Wednesday, January 30, 2008

Re:Don't Bother with the "Green" Consumer

Over at Harvard Business Review Steve Bishop has written a piece called 'Don't Bother With the "Green" Consumer'. There is also quite an extensive debate about this beneath the post. Whilst i am a green consumer and would therefore welcome more businesses angling in my direction i must say that i agree with Steve's logic.  In my response , however, i go on to set the issue in what seems to me to be a nessicary context. Marketing and strategy can be seperated of course but i think that putting them together works nicely. GE have done this with Eco-Magination and i think it works well, its hard to accuse a company of green washing when they are one of the worlds leading manufactures of wind turbines!

So my response...


How should companies pursue the green agenda?

Steve Bishop makes the valid point that there is not room for most large companies to exist exclusively in the 'green consumer' market. It is also said of environmentally concious consumption that the largest cost isn't the price on the ticket but the 'opportunity cost', or in my preferred words, in the connotations and implications of our choice. Thanks to effective marketing people believe that consumption embodies their values. It is also true that people will go out of there way to be internally consistent, buying products marketed primarily as green would open a Pandora's box of ethical judgements, the car, the holiday...this is not a small choice! I will address this weary but concerned majority momentarily, but it is worth noting that the 'green consumer' minority is growing and therefore large companies may wish to specifically address this group through new and distinctive brands.

For companies wishing to remain planted in the conservative mainstream I believe that addressing these issues subtly and pragmatically is the key. Understandably steve approaches this issue from a consumer and marketing perspective. Personally i see a Pandora's box that needs to be opened—the crux of this discussion is sustainability as a strategic issue. Broader perspectives based on government, business efficiency, consumer and inter-business relationships give a more substantial measure of where the widespread green conciousness is heading specifically for products not destined for people who accept the 'green consumer' label.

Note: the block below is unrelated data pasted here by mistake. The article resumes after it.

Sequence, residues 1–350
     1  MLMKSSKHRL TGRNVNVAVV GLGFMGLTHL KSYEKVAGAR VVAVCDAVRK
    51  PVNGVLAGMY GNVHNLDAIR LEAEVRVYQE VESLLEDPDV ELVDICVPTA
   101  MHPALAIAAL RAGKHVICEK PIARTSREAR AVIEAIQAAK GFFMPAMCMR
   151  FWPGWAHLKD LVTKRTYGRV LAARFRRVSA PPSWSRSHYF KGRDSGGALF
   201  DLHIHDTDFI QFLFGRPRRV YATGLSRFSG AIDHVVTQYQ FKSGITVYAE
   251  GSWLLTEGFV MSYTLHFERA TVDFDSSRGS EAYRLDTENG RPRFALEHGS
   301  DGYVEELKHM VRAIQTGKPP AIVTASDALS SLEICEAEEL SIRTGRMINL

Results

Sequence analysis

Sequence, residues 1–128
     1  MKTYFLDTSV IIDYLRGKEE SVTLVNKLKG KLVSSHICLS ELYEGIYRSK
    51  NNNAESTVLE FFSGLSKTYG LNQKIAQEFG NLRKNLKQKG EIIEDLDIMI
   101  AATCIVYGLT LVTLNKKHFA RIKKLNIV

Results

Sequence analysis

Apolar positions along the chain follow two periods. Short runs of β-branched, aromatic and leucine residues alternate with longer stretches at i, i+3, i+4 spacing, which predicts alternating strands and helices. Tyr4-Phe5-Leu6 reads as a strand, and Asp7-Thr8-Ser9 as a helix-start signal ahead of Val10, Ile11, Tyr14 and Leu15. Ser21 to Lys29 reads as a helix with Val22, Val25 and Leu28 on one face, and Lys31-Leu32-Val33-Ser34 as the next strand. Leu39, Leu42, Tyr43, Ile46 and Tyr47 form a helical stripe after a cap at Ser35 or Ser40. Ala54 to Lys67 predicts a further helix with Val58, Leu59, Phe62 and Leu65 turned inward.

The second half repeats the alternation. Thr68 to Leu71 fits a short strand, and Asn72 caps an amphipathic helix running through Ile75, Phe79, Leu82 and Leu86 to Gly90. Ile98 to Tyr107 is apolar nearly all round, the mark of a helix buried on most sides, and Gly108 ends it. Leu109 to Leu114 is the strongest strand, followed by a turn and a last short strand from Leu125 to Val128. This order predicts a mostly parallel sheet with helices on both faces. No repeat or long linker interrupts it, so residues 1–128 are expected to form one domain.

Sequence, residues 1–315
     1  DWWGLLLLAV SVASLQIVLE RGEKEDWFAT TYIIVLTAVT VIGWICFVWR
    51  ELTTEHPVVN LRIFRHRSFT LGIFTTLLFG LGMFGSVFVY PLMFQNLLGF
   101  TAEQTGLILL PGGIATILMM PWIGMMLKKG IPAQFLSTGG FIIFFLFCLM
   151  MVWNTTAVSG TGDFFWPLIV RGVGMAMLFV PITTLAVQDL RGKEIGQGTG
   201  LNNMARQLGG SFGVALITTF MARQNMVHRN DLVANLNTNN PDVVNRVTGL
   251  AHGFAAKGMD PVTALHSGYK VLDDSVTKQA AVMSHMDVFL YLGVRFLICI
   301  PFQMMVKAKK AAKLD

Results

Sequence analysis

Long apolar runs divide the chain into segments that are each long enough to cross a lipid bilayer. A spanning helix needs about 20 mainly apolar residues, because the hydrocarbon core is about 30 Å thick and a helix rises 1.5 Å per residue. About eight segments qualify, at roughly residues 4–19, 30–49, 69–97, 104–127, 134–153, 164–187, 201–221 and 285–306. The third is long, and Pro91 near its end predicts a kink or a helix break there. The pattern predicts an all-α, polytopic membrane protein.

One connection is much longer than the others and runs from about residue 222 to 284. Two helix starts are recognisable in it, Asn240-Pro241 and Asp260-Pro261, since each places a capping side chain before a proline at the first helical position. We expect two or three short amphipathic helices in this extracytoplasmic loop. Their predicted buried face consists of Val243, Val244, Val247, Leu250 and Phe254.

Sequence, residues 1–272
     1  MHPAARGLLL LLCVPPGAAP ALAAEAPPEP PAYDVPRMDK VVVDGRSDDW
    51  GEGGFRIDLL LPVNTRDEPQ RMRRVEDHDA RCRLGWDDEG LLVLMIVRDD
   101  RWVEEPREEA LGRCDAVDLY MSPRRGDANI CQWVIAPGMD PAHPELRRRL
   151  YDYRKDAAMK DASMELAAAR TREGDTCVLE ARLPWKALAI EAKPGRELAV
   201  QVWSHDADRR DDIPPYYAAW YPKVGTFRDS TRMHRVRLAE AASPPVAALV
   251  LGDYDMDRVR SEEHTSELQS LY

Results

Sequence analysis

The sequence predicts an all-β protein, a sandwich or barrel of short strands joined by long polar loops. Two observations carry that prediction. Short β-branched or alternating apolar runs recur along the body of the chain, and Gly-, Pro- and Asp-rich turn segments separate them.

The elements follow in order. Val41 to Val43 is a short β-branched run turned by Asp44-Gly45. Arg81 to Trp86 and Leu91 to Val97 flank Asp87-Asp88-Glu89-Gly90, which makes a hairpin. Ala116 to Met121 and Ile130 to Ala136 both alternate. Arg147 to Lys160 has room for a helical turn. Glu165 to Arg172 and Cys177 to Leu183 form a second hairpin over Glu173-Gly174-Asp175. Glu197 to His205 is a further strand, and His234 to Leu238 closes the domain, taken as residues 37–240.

What is needed is a strategy of increased resource efficiency. I would not make this case on the recent groundswell of consumer interest alone. I do make the case based on several mutually supportive drivers coming together. Firstly, as businesses look more closely at manufacturing, packaging and transport they are realising that this is smart business. Resources have a cost, and increasingly so to does all sorts of waste including greenhouse gases. An example of reducing resource usage that i am familiar with is from Boots the pharmacy in the UK which is vertically integrated, making, transporting and retailing many of there own products. Boots studied the carbon footprint of there own shampoo and discovered that by using recycled PET in their bottles they could gain a green advantage and save money! This works for there profits, the environment, and the brand; in the UK it is striking that even people who aren't at all environmental are often passionate about recycling and consider those who don't to be lazy. Recycled bottles are a subtle way to use less resources, save money, and have a marginal advantage over competitors, certainly and advantage with eco-shopper but also with many average people.